Vidhan Bhawan, which houses the Madhya Pradesh Vidhan Sabha.

Bhopal is the capital of Madhya Pradesh. It houses the State Legislative Assembly, or the Vidhan Sabha, which seats 230 members of Legislative Assembly. The thirteenth (and current) Vidhan Sabha was elected in May 2013.[31] As of April 2012, the party in the majority in Vidhan Sabha is Bharatiya Janata Party (BJP) which is led by Shivraj Singh Chauhan. Bhopal district elects seven seats to the Assembly.

The administration of Bhopal city is handled by Bhopal Municipal Corporation, also known as BMC. The total area under BMC is 648.24 km². The city is divided into 85 wards. Each ward elects a corporator. The winning party elects a council of members, who are responsible for various departments. The council members chose the Mayor among themselves. At present, there are ten members in the council. The Commissioner of Bhopal is the highest officer of Municipal Corporate Office, which is responsible for the departments of public works, revenue and tax, water supply, planning and development, fire brigade, health and sanitation, finance and accounts etc.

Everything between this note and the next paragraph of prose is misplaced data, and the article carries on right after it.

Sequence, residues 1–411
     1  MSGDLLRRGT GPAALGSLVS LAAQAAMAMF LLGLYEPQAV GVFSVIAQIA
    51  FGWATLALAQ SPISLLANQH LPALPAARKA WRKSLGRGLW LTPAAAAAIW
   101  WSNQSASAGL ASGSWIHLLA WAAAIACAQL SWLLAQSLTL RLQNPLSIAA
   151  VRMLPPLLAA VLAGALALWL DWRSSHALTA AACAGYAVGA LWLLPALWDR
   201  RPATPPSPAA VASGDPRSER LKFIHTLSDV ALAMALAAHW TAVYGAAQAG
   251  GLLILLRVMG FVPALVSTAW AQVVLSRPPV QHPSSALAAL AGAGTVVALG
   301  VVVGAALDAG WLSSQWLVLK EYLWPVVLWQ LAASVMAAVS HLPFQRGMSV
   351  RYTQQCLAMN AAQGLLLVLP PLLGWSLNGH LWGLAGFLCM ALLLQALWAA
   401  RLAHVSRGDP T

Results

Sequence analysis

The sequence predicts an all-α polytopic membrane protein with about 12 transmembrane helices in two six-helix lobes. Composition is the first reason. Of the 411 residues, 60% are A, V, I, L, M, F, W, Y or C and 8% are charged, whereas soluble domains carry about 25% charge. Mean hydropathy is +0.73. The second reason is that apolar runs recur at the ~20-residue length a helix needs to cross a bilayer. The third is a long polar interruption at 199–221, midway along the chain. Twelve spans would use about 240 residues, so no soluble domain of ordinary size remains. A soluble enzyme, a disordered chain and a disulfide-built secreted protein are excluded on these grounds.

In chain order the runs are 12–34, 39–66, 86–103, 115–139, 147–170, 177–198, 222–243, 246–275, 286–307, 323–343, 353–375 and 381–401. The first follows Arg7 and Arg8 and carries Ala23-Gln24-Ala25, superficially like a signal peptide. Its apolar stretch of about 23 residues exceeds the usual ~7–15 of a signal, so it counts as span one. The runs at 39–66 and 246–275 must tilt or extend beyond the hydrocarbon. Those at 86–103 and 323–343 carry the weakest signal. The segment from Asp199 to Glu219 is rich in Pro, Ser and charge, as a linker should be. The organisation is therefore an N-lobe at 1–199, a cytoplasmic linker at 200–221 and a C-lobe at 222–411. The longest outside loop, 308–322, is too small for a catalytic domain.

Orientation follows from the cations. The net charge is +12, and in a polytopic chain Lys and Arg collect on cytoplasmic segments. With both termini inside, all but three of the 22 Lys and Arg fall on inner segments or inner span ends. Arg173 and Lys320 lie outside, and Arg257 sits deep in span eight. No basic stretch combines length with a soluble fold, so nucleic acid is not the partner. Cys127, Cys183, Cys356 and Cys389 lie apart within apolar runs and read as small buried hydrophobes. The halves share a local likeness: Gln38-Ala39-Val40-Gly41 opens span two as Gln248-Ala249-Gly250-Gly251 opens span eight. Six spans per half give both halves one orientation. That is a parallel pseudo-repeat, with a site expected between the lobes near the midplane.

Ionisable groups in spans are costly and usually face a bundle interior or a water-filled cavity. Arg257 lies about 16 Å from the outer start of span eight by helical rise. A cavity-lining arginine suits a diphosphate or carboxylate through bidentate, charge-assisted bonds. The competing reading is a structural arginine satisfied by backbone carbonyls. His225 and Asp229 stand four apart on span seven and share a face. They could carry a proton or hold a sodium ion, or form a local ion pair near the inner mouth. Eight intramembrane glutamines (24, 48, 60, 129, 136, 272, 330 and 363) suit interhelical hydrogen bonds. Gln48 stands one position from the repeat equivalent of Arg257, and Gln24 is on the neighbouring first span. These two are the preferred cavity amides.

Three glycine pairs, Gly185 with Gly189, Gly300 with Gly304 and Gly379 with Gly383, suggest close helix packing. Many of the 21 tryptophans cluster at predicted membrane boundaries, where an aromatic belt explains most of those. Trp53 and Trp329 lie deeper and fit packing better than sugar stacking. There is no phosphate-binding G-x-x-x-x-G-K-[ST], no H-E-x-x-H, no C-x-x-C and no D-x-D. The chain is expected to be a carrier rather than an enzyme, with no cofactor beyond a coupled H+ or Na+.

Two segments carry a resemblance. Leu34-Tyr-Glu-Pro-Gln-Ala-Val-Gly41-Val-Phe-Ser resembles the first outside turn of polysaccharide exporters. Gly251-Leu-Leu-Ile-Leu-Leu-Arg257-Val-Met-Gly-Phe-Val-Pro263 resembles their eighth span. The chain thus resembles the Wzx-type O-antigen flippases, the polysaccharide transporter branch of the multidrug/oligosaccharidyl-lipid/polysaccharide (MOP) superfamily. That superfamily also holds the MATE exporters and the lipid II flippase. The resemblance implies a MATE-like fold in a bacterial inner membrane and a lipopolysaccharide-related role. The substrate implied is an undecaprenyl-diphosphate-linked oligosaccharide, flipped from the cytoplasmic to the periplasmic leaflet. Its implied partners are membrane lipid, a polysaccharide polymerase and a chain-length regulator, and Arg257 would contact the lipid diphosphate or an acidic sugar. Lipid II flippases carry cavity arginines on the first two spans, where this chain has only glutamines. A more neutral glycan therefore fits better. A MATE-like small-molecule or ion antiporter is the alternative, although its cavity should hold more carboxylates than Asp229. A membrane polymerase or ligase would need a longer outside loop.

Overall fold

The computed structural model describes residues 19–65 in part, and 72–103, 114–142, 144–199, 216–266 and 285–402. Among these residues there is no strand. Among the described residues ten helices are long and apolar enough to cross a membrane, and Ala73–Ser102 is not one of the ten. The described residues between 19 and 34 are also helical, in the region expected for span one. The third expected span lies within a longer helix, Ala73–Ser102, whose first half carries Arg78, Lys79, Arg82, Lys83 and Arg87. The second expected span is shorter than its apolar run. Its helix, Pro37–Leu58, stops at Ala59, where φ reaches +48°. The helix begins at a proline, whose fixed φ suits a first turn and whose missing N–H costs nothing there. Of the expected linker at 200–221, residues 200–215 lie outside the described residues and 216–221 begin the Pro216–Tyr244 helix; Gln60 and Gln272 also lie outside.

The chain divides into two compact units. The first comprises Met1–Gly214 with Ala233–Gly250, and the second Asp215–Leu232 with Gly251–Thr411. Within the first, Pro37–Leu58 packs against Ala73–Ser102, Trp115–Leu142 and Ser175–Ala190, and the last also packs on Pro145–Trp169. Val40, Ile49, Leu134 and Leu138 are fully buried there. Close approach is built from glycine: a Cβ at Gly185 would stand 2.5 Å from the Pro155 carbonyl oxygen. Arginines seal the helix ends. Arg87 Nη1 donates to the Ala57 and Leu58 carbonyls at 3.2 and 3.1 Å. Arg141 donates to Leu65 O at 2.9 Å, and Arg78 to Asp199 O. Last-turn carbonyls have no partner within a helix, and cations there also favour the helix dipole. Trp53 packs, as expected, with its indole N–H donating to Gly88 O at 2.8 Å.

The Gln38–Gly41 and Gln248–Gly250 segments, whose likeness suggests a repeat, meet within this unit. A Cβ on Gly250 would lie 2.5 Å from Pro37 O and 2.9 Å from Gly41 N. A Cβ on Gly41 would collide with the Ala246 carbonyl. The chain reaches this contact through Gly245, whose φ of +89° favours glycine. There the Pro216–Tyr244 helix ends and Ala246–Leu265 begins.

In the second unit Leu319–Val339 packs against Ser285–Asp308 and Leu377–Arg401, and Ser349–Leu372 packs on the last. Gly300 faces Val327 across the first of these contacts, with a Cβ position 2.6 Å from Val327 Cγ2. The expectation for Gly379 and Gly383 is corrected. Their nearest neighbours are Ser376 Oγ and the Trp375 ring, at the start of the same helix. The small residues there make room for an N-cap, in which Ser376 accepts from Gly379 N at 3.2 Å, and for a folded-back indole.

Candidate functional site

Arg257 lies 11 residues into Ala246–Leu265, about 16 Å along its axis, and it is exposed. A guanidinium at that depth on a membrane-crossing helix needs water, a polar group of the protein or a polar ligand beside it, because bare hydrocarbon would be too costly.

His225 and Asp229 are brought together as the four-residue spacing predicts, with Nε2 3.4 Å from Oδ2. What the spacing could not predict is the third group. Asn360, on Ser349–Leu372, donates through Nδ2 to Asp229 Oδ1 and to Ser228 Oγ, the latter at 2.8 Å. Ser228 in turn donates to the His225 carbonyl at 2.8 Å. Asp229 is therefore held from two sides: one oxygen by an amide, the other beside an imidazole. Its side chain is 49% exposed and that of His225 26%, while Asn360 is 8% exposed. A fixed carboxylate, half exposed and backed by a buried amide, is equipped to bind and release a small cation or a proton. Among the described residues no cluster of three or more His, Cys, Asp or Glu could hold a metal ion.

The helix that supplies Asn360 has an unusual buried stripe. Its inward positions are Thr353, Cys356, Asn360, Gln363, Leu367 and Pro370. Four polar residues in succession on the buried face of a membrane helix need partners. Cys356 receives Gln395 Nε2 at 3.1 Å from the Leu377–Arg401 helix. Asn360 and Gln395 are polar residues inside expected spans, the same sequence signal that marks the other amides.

The Bhopal Municipal Corporation was ranked 3rd out of 21 Cities for best governance & administrative practices in India in 2014. It scored 3.7 on 10 compared to the national average of 3.3.[32]


Local transport

Bhopal has been a railroad and highway transportation hub for a long time. Bhopal has its own city bus service operated by Bhopal City Link Limited. In addition, around 600 mini-buses are run by private operators. Metro or Radio Taxi and auto-rickshaws are another major means of transport. In some parts in the old as well as new city, the new Tata Magic Vans are running successfully and have replaced the older and bigger diesel rickshaws — known as "Bhat" in year 2010.